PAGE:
May 6, 2003

by Joe Sobran

     Lately I've been watching some old Alfred Hitchcock 
movies for the umpteenth time, particularly VERTIGO and 
NORTH BY NORTHWEST. And what splendid films they are, 
combining suspense, romance, and polish.

     One obvious objection to them is that their plots 
are so full of improbabilities. The more you watch them, 
the more you notice this. They weren't meant for repeated 
viewing on home video by a cranky old pedant. They were 
meant for the big screen in a crowded theater, where the 
audience came to share thrills, not to take notes.

     Hitchcock had a gift for sweeping the audience along 
with absorbing action. I suspect that the improbabilities 
were conscious. The old man had a mischievous humor, and 
he liked to see how much he could get away with. It was a 
test of his virtuousity. Like a magician, he kept the 
audience so preoccupied with the illusion that they 
forgot all about logic. His tricks pass unobserved until 
you go looking for them.

     In a similar way, though less adroitly, the Bush 
administration has tricked us into war with successive 
distractions. Renewed war on Iraq was plotted long ago. 
The audience -- the American people -- had no inkling of 
this. They were caught up in the plot twists. The 9/11 
terrorist attacks made them receptive to any retaliation. 
They applauded the initial strikes on Afghanistan, which 
were plausibly related to a "war on terrorism."

     With this emotional momentum, the administration 
charged that Iraq had "weapons of mass destruction," 
which might be given to terrorists. The suspense built. 
The dramatic climax beckoned. Antiwar protests, like 
critics' cavils, only seemed to get in the way of the 
plot. On with the show!

     For months the critics demanded proof -- of the 
WMDs, of links with terrorist groups. The administration 
insisted that both were real, but offered only 
repetitious allegations and dubious evidence. When Iraq 
failed to produce and surrender the WMDs, the 
administration accused it of defying the United Nations,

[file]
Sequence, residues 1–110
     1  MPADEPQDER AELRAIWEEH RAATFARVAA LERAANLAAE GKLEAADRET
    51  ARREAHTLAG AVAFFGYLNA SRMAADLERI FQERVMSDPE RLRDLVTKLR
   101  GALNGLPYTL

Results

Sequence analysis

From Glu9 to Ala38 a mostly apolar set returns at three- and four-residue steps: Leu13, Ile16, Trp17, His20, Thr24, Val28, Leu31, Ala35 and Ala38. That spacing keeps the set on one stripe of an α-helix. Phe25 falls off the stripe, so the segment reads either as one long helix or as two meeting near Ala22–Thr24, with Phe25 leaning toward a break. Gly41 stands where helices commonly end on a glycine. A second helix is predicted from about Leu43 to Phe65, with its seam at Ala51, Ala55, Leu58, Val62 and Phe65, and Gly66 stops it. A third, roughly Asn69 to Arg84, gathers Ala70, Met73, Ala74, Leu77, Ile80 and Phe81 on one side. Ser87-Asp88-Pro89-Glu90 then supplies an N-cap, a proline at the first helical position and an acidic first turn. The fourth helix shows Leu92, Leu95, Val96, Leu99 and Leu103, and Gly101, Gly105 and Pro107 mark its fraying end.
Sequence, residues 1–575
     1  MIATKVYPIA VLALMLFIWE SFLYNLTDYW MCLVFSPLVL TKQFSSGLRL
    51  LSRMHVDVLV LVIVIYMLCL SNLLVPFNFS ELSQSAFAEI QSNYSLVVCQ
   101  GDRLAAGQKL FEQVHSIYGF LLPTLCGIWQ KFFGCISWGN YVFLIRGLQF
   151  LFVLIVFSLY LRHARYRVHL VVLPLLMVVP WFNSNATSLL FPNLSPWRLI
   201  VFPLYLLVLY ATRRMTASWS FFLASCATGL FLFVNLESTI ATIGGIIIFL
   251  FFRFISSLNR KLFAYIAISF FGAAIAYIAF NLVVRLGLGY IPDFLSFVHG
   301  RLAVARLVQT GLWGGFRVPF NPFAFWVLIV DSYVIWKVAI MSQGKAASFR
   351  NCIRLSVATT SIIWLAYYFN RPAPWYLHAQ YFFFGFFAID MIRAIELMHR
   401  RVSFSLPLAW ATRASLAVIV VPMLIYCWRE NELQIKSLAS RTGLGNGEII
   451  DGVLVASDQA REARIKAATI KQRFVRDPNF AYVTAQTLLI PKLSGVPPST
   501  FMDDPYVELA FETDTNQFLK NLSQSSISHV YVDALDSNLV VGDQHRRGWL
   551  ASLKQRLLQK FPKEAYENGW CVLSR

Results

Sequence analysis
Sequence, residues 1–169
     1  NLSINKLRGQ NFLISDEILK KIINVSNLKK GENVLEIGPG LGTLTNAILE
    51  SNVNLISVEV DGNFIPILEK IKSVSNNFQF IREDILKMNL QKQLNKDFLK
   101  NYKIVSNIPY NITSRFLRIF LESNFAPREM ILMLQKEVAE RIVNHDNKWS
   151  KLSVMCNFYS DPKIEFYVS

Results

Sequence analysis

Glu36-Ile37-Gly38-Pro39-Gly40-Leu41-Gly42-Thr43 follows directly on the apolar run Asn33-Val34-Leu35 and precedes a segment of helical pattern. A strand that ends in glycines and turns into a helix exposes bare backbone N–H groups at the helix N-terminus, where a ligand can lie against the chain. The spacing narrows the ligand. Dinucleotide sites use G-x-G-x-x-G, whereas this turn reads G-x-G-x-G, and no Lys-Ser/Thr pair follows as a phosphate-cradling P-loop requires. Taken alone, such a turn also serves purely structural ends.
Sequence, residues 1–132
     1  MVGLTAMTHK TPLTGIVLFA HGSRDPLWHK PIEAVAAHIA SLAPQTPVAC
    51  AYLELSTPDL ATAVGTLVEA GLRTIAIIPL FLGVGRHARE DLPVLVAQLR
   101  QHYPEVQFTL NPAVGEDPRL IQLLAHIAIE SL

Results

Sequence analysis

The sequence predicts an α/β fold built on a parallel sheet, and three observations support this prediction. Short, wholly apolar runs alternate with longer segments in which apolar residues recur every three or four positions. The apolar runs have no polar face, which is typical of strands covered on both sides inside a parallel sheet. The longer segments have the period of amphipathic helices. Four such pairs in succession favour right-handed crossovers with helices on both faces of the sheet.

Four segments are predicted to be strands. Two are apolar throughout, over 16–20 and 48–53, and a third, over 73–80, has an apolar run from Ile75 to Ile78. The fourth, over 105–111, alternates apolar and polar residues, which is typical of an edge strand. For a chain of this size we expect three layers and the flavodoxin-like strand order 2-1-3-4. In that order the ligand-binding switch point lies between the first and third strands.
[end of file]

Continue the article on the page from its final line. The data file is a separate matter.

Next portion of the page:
even when it seemed to be cooperating with UN inspectors.

     Still, the administration set a deadline for war, 
and the public expected more action. Now the announced 
purpose of the war was to "liberate" Iraq as a step 
toward bringing "democracy" to the entire Middle East; 
the WMDs seemed to fade in importance. Added to the mix 
were stories about Saddam Hussein's atrocities against 
his own subjects. These had nothing to do with the 
defense of the United States, but as Hitchcock knew, a 
story is only as good as its villain. Make the audience 
hate him, and they'll believe anything.

     A military attack would dissipate the sense of 
confusion by distracting attention from the flaws in the 
logic. The public had forgotten all about al-Qaeda and 
terrorism. Saddam Hussein had long since replaced Osama 
bin Laden as the villain on the front pages of newspapers 
and the covers of newsmagazines.

     It was effective drama. All that mattered now was an 
epic military victory, and it came quickly. Victory was a 
sufficient climax, made all the sweeter by crowds of 
Iraqis cheering the American troops. Never mind the 
original purpose of crushing terrorism. Destroying the 
Iraqi army and toppling the new, substitute villain was 
enough for the distracted audience.

     And those WMDs? They were never found. They didn't 
even appear when Saddam Hussein's regime and his very 
life were at stake. In order to tie up this very loose 
end in the plot, the administration maintains that they 
are still there, somewhere. Apparently Hussein had hidden 
them so well that even he couldn't find them in time to 
save his own skin!

     In the media age, even more than ever, government is 
a form of mass entertainment. The trick is to control the 
audience's mood and attention, to distract their minds 
from inconsistencies and improbabilities -- and even from 
yesterday's official line. Polls, images, ratings, focus 
groups, and ultimately election results -- these are the 
things that count, not principles and constitutions.

     Yet behind all the short-term, short-sighted 
purposes and slogans, a larger historical pattern is 
visible, of which the administration, captivated by its 
own dramaturgy, is barely aware. The great wars of 1914 
to 1989 can be seen as a single gigantic struggle for 
global supremacy, ending in an American victory. Now we 
are in a period of smaller wars of consolidation of the 
American Empire. That, not terrorism or democracy, is 
what the Iraq war was really about.


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